San Diego Law Review


Kelly Kagan

Library of Congress Authority File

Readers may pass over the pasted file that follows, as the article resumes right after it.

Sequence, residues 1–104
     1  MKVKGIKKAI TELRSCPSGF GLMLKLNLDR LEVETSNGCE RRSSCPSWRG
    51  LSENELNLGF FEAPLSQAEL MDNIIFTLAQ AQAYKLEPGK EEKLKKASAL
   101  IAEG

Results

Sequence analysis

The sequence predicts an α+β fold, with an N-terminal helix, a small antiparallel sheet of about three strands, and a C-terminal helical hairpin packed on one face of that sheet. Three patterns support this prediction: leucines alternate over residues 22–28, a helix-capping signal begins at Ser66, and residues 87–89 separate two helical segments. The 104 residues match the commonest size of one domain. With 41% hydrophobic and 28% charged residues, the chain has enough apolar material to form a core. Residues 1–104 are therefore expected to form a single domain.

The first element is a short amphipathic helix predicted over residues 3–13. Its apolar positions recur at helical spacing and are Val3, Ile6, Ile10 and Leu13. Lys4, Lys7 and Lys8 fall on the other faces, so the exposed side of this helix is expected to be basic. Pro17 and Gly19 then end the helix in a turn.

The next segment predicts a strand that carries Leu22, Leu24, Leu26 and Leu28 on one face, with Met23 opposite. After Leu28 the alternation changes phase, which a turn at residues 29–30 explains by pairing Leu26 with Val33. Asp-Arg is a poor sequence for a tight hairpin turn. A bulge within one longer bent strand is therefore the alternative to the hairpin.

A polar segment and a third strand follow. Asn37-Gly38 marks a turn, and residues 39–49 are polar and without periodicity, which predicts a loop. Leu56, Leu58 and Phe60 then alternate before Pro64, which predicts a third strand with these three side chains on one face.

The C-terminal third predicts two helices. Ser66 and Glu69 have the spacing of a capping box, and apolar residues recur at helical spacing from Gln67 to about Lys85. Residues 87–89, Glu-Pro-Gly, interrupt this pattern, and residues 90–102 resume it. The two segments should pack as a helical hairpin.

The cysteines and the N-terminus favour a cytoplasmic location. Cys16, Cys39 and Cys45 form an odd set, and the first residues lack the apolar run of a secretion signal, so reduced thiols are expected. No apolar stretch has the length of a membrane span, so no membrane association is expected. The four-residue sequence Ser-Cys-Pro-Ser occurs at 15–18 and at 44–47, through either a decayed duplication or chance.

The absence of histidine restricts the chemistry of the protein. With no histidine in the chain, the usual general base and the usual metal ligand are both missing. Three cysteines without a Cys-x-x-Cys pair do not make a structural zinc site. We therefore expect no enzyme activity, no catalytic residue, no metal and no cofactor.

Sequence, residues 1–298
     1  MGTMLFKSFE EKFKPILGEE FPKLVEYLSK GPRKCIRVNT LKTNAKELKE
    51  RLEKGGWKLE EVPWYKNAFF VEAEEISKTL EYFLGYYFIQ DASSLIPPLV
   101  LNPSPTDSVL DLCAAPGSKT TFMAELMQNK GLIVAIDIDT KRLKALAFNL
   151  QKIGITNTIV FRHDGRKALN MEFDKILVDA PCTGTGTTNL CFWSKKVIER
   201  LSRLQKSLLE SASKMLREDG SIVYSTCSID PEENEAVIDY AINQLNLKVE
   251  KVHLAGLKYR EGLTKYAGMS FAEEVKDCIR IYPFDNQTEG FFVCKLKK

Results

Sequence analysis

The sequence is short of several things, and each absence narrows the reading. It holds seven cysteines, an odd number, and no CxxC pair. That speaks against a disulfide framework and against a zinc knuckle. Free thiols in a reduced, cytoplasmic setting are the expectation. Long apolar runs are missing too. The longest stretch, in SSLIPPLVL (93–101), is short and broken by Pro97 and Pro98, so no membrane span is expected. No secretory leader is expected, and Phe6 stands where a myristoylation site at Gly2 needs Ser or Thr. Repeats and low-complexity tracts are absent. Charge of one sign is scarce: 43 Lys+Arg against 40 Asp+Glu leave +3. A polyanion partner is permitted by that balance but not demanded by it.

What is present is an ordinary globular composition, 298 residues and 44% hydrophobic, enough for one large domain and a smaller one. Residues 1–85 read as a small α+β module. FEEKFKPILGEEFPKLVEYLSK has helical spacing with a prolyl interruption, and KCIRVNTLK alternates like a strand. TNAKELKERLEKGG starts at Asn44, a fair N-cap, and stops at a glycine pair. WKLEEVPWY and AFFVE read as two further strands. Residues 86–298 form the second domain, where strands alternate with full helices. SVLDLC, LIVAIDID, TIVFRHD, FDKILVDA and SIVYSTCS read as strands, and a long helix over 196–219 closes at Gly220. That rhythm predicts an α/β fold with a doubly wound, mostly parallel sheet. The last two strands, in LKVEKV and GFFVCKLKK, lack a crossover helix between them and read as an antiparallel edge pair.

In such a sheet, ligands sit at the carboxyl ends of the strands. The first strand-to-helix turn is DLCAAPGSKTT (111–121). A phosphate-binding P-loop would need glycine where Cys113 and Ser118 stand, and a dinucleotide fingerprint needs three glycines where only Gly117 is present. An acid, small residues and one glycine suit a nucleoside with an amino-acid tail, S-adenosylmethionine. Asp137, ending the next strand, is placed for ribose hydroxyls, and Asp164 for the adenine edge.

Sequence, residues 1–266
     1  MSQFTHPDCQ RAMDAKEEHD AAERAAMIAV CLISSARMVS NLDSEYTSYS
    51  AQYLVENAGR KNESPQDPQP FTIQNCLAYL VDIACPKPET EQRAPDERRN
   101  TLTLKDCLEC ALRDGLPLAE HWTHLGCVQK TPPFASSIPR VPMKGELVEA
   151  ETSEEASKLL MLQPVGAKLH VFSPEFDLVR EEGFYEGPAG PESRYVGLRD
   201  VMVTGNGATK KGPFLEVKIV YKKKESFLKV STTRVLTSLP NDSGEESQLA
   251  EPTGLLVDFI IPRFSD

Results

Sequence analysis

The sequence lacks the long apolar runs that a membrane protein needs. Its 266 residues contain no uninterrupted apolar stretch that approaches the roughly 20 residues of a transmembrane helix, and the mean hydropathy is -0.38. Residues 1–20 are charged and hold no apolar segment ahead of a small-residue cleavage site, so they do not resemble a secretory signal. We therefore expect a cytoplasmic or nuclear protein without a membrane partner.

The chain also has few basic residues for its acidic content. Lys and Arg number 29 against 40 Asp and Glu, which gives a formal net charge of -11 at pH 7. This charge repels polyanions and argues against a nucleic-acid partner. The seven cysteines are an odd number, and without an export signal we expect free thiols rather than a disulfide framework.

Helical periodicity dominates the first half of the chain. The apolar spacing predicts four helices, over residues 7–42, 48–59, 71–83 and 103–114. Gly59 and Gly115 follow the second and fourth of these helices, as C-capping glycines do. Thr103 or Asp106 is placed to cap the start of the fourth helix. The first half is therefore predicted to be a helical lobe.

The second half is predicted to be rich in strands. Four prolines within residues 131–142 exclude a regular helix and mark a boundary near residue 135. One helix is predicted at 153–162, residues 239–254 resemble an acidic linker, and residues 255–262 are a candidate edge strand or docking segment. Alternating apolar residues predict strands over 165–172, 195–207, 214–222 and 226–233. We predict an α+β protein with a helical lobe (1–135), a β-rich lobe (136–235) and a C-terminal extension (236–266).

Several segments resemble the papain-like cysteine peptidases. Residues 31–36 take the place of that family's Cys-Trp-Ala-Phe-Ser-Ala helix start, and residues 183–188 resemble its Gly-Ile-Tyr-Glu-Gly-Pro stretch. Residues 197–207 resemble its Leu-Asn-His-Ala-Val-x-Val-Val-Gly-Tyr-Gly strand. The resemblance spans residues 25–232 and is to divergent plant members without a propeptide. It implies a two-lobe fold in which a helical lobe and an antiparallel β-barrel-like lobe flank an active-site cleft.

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This Comment proposes solutions to help ensure persons with mental disabilities are supported in the workplace and will proceed in the following manner. Part II examines the historical background of the ADA and the employer’s role and duties under the ADA. This Part also briefly describes the elements of a “failure to accommodate” claim and a “regarded as” claim. Part III explores the current trend of ADA mental disability claims and explains how the current ADA limits employers to “reactive”—rather than proactive—solutions. This reactive approach only confuses employers and inhibits the assimilation of persons with mental disabilities into the workplace. Finally, Part IV recommends how Congress can amend the ADA to require employees to disclose their disabilities to their employers before an employer can be held liable for failing to accommodate an individual’s disability. Requiring an employee to disclose a mental disability to an employer gives the employer a clear signal to engage in an interactive process with the employee to find an effective accommodation. Additionally, Congress should prohibit plaintiffs from pleading in the alternative with respect to failure to accommodate and regarded as discrimination claims. These relatively small changes to the ADA will make it easier for employers and employees to work together, which will help to integrate qualified persons with mental disabilities into the workplace.

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